P. Vergilius Maro, Aeneid (ed. Theodore C. Williams), Book 12, line 311 (search)
urned: he called for steeds, for arms, and, leaping to his chariot, rode insolently forth, the reins in hand. Many strong heroes he dispatched to die, as on he flew, and many stretched half-dead, or from his chariot striking, or from far raining his javelins on the recreant foe. As Mars, forth-speeding by the wintry stream of Hebrus, smites his sanguinary shield and whips the swift steeds to the front of war, who, flying past the winds of eve and morn, scour the wide champaign; the bounds of Thrace beneath their hoof-beats thunder; the dark shapes of Terror, Wrath, and Treachery move on in escort of the god: in such grim guise bold Turnus lashed into the fiercest fray his streaming steeds, that pitiful to see trod down the slaughtered foe; each flying hoof scattered a bloody dew; their path was laid in mingled blood and sand. To death he flung Pholus and Sthenelus and Thamyris: two smitten in close fight and one from far: also from far he smote with fatal spear Glaucus and Lades, the I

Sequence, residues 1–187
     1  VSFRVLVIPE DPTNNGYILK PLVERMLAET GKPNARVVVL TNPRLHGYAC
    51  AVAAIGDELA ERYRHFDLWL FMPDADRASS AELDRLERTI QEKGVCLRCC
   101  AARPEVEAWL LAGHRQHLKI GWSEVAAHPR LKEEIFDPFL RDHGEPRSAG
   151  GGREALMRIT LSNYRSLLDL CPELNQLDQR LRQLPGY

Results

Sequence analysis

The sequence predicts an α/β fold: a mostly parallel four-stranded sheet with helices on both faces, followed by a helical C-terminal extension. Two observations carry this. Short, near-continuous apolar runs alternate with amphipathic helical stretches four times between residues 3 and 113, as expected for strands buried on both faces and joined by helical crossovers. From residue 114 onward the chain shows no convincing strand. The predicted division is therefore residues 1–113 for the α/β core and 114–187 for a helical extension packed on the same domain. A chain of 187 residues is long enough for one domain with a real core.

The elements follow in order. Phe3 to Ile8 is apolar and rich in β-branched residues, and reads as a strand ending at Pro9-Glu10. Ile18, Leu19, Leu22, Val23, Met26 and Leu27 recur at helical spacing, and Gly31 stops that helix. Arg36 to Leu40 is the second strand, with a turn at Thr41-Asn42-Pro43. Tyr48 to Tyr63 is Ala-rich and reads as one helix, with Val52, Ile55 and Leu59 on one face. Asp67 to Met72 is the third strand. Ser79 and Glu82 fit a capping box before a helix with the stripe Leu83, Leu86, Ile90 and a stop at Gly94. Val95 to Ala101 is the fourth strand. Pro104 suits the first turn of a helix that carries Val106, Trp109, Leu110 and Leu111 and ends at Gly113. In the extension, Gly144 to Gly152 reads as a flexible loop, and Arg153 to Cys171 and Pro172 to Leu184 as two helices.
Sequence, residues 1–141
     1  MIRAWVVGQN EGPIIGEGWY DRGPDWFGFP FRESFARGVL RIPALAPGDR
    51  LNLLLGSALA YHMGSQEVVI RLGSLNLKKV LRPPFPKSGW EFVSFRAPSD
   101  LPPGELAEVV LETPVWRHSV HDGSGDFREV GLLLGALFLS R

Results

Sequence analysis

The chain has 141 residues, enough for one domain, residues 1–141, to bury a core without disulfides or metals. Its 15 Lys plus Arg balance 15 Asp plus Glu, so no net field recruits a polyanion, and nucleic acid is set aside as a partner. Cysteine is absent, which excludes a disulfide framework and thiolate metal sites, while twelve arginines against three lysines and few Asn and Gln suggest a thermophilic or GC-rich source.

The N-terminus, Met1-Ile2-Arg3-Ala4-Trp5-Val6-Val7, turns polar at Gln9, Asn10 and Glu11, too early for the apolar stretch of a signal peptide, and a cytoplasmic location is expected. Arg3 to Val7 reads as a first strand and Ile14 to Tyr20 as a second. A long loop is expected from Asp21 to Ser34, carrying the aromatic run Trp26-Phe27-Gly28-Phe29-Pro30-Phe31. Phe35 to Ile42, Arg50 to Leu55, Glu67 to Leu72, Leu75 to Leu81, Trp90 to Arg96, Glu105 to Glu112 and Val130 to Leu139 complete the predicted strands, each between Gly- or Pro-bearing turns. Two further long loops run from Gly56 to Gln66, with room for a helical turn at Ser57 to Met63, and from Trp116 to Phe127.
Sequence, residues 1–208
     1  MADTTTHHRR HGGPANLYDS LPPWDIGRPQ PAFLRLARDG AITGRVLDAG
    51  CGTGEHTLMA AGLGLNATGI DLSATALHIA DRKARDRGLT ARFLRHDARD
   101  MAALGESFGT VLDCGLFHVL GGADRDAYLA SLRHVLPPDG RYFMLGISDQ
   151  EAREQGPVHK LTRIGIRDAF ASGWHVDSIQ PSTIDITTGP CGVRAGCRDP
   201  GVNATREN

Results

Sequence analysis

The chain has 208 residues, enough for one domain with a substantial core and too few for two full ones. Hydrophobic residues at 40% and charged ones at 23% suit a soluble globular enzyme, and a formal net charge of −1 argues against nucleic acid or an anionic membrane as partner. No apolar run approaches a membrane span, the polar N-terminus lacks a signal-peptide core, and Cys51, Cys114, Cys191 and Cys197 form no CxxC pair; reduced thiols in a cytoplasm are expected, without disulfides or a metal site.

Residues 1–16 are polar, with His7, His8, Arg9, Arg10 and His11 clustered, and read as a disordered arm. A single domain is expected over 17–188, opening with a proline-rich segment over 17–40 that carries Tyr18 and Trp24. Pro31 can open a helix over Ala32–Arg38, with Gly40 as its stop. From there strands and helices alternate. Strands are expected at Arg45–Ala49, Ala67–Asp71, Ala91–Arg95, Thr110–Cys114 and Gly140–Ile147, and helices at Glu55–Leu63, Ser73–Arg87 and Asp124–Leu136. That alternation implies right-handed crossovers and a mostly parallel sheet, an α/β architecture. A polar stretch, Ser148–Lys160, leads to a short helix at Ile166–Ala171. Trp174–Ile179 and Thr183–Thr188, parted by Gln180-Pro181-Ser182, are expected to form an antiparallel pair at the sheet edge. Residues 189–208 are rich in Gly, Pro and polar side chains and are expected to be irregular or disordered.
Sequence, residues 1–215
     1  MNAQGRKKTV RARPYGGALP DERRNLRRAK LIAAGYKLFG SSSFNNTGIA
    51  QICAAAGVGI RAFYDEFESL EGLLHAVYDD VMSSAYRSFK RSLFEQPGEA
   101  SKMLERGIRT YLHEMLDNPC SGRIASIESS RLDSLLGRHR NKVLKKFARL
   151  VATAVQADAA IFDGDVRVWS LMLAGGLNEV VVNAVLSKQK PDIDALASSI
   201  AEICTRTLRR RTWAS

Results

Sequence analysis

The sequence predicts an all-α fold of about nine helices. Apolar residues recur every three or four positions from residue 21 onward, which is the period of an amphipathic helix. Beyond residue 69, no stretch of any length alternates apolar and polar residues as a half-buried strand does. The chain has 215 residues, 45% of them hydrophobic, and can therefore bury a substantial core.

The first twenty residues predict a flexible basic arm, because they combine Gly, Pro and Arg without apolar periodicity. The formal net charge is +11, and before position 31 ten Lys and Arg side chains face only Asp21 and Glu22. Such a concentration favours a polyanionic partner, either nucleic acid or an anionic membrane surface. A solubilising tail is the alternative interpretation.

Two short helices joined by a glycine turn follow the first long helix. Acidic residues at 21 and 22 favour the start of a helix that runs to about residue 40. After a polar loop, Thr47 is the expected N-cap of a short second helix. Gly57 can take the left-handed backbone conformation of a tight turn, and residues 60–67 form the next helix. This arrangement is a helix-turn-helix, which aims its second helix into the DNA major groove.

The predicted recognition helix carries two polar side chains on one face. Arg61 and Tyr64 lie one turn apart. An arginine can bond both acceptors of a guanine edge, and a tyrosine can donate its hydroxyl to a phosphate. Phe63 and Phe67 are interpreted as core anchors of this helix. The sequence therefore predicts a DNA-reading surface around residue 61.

P. Vergilius Maro, Aeneid (ed. Theodore C. Williams), Book 12, line 346 (search)
nted he his foot upon his neck, and from his hand wrested the sword and thrust it glittering deep in the throat, thus taunting as he slew: “There's land for thee, thou Trojan! Measure there th' Hesperian provinces thy sword would find. Such reward will I give to all who dare draw steel on me; such cities they shall build.” To bear him company his spear laid low Asbutes, Sybaris, Thersilochus, Chloreus and Dares, and Thymoetes thrown sheer off the shoulders of his balking steed. As when from Thrace the north wind thunders down the vast Aegean, flinging the swift flood against the shore, and where his blasts assail the cloudy cohorts vanish out of heaven: so before Turnus, where his path he clove, the lines fell back, the wheeling legions fled. The warrior's own wild impulse swept him on, and every wind that o'er his chariot blew shook out his plume in air. But such advance so bold, so furious, Phegeus could not brook, but, fronting the swift chariot's path, he seized the foam-flecked b